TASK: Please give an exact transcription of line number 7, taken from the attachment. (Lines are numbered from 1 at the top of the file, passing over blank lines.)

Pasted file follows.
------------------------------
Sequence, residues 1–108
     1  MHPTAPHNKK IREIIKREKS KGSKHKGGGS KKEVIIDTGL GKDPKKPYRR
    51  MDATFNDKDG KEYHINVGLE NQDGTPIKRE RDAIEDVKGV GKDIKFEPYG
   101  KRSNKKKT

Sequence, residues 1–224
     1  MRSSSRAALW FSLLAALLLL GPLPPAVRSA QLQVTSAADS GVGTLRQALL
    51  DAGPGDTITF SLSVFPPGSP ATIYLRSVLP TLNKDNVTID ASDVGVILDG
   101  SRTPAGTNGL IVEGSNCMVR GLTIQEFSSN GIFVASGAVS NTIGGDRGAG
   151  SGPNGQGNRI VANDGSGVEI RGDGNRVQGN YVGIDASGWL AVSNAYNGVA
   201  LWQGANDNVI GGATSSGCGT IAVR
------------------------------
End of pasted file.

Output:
    51  DAGPGDTITF SLSVFPPGSP ATIYLRSVLP TLNKDNVTID ASDVGVILDG